The Act at Section 178 requires that where in the opinion of the Correctional Investigator a problem exists, the Commissioner of Corrections shall be informed of that opinion and the reasons therefore. The practice of the Office has been to attempt to resolve problems through consultation at the institutional and regional levels in advance of referring matters to the attention of the Commissioner. While we continue to ensure that appropriate levels of management within the Service are approached with respect to complaints and investigations, this provision clearly indicates that the unresolved "problems" of offenders must be referred to the Commissioner in a timely fashion.

The legislation as well provides that the Correctional Investigator, when informing the Commissioner of the existence of a problem, may make any recommendation relevant to the resolution of the problem that the Correctional Investigator considers appropriate. Although these recommendations are not binding, consistent with the Ombudsman function, the authority of the Office lies in it's ability to thoroughly and objectively investigate a wide spectrum of administrative actions and present its findings and recommendations to an equally broad spectrum of decision makers, inclusive of Parliament, which can cause reasonable corrective action to be taken if earlier attempts at resolutions have failed.

A significant step in this resolution process is the provision at Section 180 of the Act which requires the Correctional Investigator to give notice and report to the Minister if, within a reasonable time, no action is taken by the Commissioner that seems to the Correctional Investigator to be adequate and appropriate. Sections 192 and 193 of the legislation continue this process by requiring the Minister to table in both Houses of Parliament, within a prescribed time period, the Annual Report and any Special Report Issues by the Correctional Investigator.

The vast majority of the concerns raised on complaints by inmates are addressed by this Office at the institutional level through discussion and negotiation. In those cases where a resolution is not reached at the institution, the matter is referred to regional or national headquarters, depending upon the area of concern, with a specific recommendation for further review and corrective action. If at this level the Service, in the opinion of the Correctional Investigator fails to address the matter in a reasonable and timely fashion, it will be referred to the Minister and eventually may be detailed within an Annual or Special Report.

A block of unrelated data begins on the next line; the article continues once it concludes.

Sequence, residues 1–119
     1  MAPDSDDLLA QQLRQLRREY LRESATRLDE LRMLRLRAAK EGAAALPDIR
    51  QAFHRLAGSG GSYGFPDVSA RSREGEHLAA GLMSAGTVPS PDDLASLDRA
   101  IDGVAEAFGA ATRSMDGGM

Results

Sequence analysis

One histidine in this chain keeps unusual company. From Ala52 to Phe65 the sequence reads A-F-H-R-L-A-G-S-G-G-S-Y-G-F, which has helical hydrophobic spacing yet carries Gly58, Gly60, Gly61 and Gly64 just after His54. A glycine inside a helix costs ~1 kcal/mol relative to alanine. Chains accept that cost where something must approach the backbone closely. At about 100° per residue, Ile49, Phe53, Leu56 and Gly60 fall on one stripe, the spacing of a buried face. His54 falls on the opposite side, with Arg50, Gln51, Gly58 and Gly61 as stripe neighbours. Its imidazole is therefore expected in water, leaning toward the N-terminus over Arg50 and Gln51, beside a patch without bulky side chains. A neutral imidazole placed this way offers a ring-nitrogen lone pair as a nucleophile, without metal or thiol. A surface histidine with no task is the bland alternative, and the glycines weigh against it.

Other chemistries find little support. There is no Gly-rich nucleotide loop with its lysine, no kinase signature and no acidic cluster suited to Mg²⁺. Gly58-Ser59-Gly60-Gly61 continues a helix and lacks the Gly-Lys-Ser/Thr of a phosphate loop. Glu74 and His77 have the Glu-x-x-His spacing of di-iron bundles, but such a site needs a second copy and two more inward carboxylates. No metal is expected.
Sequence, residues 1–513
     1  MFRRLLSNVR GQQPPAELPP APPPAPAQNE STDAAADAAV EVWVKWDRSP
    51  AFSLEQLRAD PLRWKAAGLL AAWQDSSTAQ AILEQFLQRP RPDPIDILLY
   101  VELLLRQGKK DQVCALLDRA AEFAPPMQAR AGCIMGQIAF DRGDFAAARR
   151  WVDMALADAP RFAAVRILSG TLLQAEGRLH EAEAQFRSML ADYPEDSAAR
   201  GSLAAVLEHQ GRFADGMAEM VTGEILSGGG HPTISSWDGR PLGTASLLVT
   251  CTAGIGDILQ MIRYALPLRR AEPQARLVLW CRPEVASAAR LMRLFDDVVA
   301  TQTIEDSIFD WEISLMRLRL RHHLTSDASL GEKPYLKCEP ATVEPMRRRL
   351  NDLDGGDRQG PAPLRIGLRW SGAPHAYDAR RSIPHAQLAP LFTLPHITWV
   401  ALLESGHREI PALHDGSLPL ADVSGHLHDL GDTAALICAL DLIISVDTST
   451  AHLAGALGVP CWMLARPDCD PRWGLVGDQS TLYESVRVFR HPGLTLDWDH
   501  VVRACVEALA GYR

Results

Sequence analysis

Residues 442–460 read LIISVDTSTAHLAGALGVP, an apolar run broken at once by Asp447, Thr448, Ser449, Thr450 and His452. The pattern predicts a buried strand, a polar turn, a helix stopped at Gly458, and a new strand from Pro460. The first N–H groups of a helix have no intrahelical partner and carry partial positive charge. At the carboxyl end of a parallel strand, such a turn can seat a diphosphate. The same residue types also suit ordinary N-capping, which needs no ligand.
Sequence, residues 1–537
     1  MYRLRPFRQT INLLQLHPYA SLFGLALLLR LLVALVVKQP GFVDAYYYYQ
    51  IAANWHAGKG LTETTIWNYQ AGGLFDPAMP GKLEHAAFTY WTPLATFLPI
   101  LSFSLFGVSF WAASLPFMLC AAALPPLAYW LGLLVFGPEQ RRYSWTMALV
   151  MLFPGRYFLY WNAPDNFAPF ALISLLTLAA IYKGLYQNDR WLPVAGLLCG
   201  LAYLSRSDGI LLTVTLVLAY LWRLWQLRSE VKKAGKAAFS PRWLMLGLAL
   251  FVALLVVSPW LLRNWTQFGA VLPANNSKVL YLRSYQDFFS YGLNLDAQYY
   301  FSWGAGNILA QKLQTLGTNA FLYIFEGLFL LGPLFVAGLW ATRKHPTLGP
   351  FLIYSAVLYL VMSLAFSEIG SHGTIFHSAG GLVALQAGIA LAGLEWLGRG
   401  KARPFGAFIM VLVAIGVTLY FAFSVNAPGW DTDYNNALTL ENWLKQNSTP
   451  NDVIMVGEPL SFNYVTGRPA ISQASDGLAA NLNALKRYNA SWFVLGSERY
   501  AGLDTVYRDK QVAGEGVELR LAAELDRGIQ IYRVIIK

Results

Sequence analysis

In any given year, the Office receives and responds to 5,000-6,000 offender complaints. In addition to responding to individual complaints, the Office meets regularly with inmate committees and other offender organizations and makes regularly scheduled announced visits at each institution during which the investigator will meet with any inmate, or group of inmates, upon request. We had, over the course of this reporting year, in excess of three hundred meetings with various offender organizations, including inmate committees, lifer groups, black inmate associations, native brotherhoods and sisterhoods.

The areas of complaint continue to focus on those long-standing issues which have been detailed in past Annual Reports. A specific breakdown of the areas of complaint, dispositions, institutional visits and interviews are provided in the statistics section of the Report.